The manager and the managee, thereafter, discuss corrective measures needed, actions to be taken by either or both of them. They are discussing regarding other help or support needed to accomplish the requisite tasks and goals.


Objectives of Performance Monitoring

Performance monitoring explicitly promotes the value that a manager and their managee accept as joint responsibility for monitoring progress on the tasks and goals agreed upon during the initial performance planning or expectation setting meeting and subsequent review meetings. The managers use instruments like written reports, review discussions and on-the-spot inspections to track:

  • Timely and quality fulfillment of managing tasks and goals.

  • Help and support legitimately needed by the managee’s tasks, including those agreed upon during planning and review meetings.

  • To improve employee’s job performance as well as methods and techniques of measuring.

  • Introducing the continuous learning and development process.

  • Periodic reviews help the performance manager.

  • It helps in correct planning assumptions and errors mid-course before it is too late.

  • It monitors and encourages progress, and keep the work on track.

  • It strengthens a dyadic relationship between the manager and the employee.

Importance of Performance Monitoring

Performance monitoring is important because of the following reason:

  • Performance monitoring provides scope for modification, change, and or alteration of the existing performance management system as per the outcomes measured in the process.

  • It helps in reviewing and correcting performance objectives. Because it is linked to the mission and objectives of the organization.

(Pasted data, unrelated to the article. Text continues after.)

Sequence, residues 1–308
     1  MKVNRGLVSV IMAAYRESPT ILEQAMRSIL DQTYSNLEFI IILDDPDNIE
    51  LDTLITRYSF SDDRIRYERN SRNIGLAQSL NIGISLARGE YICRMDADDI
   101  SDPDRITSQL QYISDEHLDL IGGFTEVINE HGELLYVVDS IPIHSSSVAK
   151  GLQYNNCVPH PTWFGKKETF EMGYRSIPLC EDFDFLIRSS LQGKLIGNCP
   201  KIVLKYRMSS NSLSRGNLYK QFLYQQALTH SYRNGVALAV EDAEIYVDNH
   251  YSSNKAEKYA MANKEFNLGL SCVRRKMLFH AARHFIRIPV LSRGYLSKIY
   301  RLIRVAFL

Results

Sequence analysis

• It identifies areas for competency improvement for the overall development of employees and the organization.

  • It continually enhances the performance of employees and making them efficient.

  • It helps in realizing the full potential of employees and organizations for excellence in performance.

Coaching and Menotoring in the Organization

The significance of coaching and mentoring for the modern organization lies in four key aspects which are as follows:

  • The individuals are provided attention by these activities. In itself, it is a shift from previous attitudes to the management of subordinates and this attention can provide a point of stability that makes people more able to respond effectively to change.

  • The underlying aim of both the activities is to develop individual as a skillful and reflective learner. The individuals increasingly use their own experience as the key material for learning. It will be assisted by the knowledge and wisdom of the coach or mentor.

  • The importance of the relationship plays a great role as both activities are examples of what has been described as ‘developmental working relationships’. In this, a large part of the success of the mentor or coach depends on the way they manage the relationship at a human and personal level.

    This ability of them transfers into other working areas, as not only a survival skill in the new style of organization, but as a means of sharing knowledge and expertise.

  • The effect of organizational climate and the effect on it as there is one to-one relationship are clearly central in coaching and mentoring, to be fully effective it needs to be part of an organization-wide appreciation of the value of learning as a driver for relevant change.

    For relevant change, effective coaching and value of learning is a driver and their relationships can help to develop this wider process as well as deriving benefits from it.